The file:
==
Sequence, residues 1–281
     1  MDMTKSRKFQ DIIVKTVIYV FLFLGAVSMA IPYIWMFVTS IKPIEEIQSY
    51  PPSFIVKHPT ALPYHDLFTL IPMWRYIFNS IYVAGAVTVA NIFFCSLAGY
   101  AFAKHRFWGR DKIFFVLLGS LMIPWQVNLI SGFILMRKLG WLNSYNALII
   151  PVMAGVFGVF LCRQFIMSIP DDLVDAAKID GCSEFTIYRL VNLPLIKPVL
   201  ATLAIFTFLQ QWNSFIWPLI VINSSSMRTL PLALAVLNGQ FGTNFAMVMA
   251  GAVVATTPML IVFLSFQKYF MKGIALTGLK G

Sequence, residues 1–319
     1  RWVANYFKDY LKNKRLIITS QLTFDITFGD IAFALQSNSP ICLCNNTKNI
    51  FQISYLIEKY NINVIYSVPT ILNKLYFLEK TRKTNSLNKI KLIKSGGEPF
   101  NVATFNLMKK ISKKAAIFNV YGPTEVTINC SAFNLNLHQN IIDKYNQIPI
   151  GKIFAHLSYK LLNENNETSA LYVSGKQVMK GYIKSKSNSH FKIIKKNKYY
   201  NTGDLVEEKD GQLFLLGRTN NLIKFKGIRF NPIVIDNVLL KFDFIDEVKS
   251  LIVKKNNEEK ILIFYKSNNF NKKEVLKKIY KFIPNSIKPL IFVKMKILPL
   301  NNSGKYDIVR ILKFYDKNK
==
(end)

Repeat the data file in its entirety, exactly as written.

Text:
Sequence, residues 1–281
     1  MDMTKSRKFQ DIIVKTVIYV FLFLGAVSMA IPYIWMFVTS IKPIEEIQSY
    51  PPSFIVKHPT ALPYHDLFTL IPMWRYIFNS IYVAGAVTVA NIFFCSLAGY
   101  AFAKHRFWGR DKIFFVLLGS LMIPWQVNLI SGFILMRKLG WLNSYNALII
   151  PVMAGVFGVF LCRQFIMSIP DDLVDAAKID GCSEFTIYRL VNLPLIKPVL
   201  ATLAIFTFLQ QWNSFIWPLI VINSSSMRTL PLALAVLNGQ FGTNFAMVMA
   251  GAVVATTPML IVFLSFQKYF MKGIALTGLK G

Sequence, residues 1–319
     1  RWVANYFKDY LKNKRLIITS QLTFDITFGD IAFALQSNSP ICLCNNTKNI
    51  FQISYLIEKY NINVIYSVPT ILNKLYFLEK TRKTNSLNKI KLIKSGGEPF
   101  NVATFNLMKK ISKKAAIFNV YGPTEVTINC SAFNLNLHQN IIDKYNQIPI
   151  GKIFAHLSYK LLNENNETSA LYVSGKQVMK GYIKSKSNSH FKIIKKNKYY
   201  NTGDLVEEKD GQLFLLGRTN NLIKFKGIRF NPIVIDNVLL KFDFIDEVKS
   251  LIVKKNNEEK ILIFYKSNNF NKKEVLKKIY KFIPNSIKPL IFVKMKILPL
   301  NNSGKYDIVR ILKFYDKNK